Internal Sony communications indicated that "Spectre" star Daniel Craig and the movie's director Sam Mendes were both opposed to multimillion dollar product placements for Sony or Samsung Android phones because it could tarnish the suave image of James Bond.
The discussion was revealed last winter when the movie studio's emails were hacked, as noted today by Bond movie aficionado John Gruber of Daring Fireball after Financial Times writer Henry Mance discussed the role product placement plays in movies.
An earlier report by Matt Weinberger of Business Insider UK noted that Sony had initially offered Craig $5 million to carry around its Xperia Z4 phone in the movie.
Discussions involved an $18 million marketing commitment from Sony, escalating to a $50 million marketing and promotional package from Samsung as well as a $5 million product placement for Bond to be seen using an Android phone with Samsung's brand on it.
Leaked emails involving Bond franchise producer Barbara Broccoli noted that money wasn't the only consideration involved in the decision of whether to take money from Android phone makers in exchange for promotion.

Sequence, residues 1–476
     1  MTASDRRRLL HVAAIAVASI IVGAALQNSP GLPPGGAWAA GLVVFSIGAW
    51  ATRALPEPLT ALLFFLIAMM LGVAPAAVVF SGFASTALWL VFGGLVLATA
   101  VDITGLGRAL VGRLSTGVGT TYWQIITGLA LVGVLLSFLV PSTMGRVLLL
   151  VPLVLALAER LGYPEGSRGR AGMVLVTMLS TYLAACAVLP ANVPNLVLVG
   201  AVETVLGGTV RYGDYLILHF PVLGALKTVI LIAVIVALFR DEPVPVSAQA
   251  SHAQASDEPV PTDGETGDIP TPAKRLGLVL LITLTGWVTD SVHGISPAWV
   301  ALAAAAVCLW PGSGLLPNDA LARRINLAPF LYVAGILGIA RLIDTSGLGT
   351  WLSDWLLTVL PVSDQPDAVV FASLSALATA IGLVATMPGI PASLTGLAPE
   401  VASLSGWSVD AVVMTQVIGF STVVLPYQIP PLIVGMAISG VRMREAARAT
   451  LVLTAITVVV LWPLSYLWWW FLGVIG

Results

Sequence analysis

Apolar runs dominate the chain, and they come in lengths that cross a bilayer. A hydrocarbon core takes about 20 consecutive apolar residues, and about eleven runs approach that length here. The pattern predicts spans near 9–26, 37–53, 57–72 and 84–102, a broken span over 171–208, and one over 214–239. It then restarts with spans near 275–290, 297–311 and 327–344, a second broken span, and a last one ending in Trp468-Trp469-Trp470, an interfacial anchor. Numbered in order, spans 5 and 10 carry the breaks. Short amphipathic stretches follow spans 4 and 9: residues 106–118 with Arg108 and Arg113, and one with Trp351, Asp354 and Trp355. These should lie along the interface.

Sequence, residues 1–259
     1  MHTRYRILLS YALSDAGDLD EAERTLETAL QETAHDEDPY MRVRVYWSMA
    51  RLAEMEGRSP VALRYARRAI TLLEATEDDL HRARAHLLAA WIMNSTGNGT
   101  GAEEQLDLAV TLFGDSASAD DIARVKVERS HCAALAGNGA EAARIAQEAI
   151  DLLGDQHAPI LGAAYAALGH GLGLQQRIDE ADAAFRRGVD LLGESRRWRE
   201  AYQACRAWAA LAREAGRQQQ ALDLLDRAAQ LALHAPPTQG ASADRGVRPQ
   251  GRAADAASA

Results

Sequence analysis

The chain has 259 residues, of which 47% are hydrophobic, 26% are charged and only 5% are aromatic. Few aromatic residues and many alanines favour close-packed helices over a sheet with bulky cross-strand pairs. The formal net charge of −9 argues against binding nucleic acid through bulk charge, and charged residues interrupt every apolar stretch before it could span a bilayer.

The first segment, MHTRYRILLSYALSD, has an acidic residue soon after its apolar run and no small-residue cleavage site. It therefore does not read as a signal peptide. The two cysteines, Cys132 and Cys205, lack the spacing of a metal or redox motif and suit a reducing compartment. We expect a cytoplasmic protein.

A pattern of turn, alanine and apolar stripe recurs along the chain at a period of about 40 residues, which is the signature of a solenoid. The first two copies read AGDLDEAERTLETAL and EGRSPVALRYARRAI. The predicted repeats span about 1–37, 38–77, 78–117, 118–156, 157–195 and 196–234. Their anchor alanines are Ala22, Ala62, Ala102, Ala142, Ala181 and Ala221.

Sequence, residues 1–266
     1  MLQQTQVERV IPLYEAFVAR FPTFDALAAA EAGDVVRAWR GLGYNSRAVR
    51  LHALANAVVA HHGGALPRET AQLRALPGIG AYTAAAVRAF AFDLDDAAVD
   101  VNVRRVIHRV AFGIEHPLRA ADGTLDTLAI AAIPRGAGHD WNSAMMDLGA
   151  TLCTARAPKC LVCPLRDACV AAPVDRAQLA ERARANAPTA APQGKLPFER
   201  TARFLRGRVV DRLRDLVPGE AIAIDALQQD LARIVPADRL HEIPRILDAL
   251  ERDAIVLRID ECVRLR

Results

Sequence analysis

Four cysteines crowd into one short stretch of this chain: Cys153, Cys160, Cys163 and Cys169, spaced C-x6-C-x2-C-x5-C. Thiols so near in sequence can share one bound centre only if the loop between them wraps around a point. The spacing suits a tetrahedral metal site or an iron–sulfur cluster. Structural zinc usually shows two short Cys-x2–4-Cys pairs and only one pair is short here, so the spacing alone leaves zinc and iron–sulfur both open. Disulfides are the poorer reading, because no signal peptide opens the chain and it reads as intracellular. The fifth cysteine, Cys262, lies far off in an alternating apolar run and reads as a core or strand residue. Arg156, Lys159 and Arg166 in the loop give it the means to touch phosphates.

James Bond only uses the 'best,' and in their minds, the Sony phone is not the 'best'
"BEYOND the $$ factor, there is, as you may know, a CREATIVE factor whereby Sam and Daniel don't like the Sony phone for the film (the thinking, subjectively/objectively is that James Bond only uses the 'best,' and in their minds, the Sony phone is not the 'best')," wrote Andrew Gumpert, President of Worldwide Business Affairs and Operations for Columbia Pictures.
Product placement in movies and TV has become a big business, and Bond films have long been a vehicle for associating some of the world's most luxurious brands with the super-spy character, from Aston Martin cars to Rolex watches. It's harder to picture James Bond using an Android phone, given both their cheap image and notoriety for suffering a litany security vulnerabilities such as Stagefright.
Apple has long offered free access to its products to a variety of movie and TV studios, resulting in decades of pictures and shows where virtually every model of Apple computer has made a big screen appearance of some sort.
While Nokia, Samsung and other commodity hardware licensees of Android or Windows have in recent years become notorious for the conspicuously prominent paid placement of their products, the return on investment from such deals does not appear to be very high.
Despite regular appearances in movies, Nokia and Sony have essentially vanished from the consumer market in the minds of most consumers, and Samsung's phone profits have imploded over the last two years despite billions spent on high profile marketing as Apple's iPhone expands its command as the most popular phone available.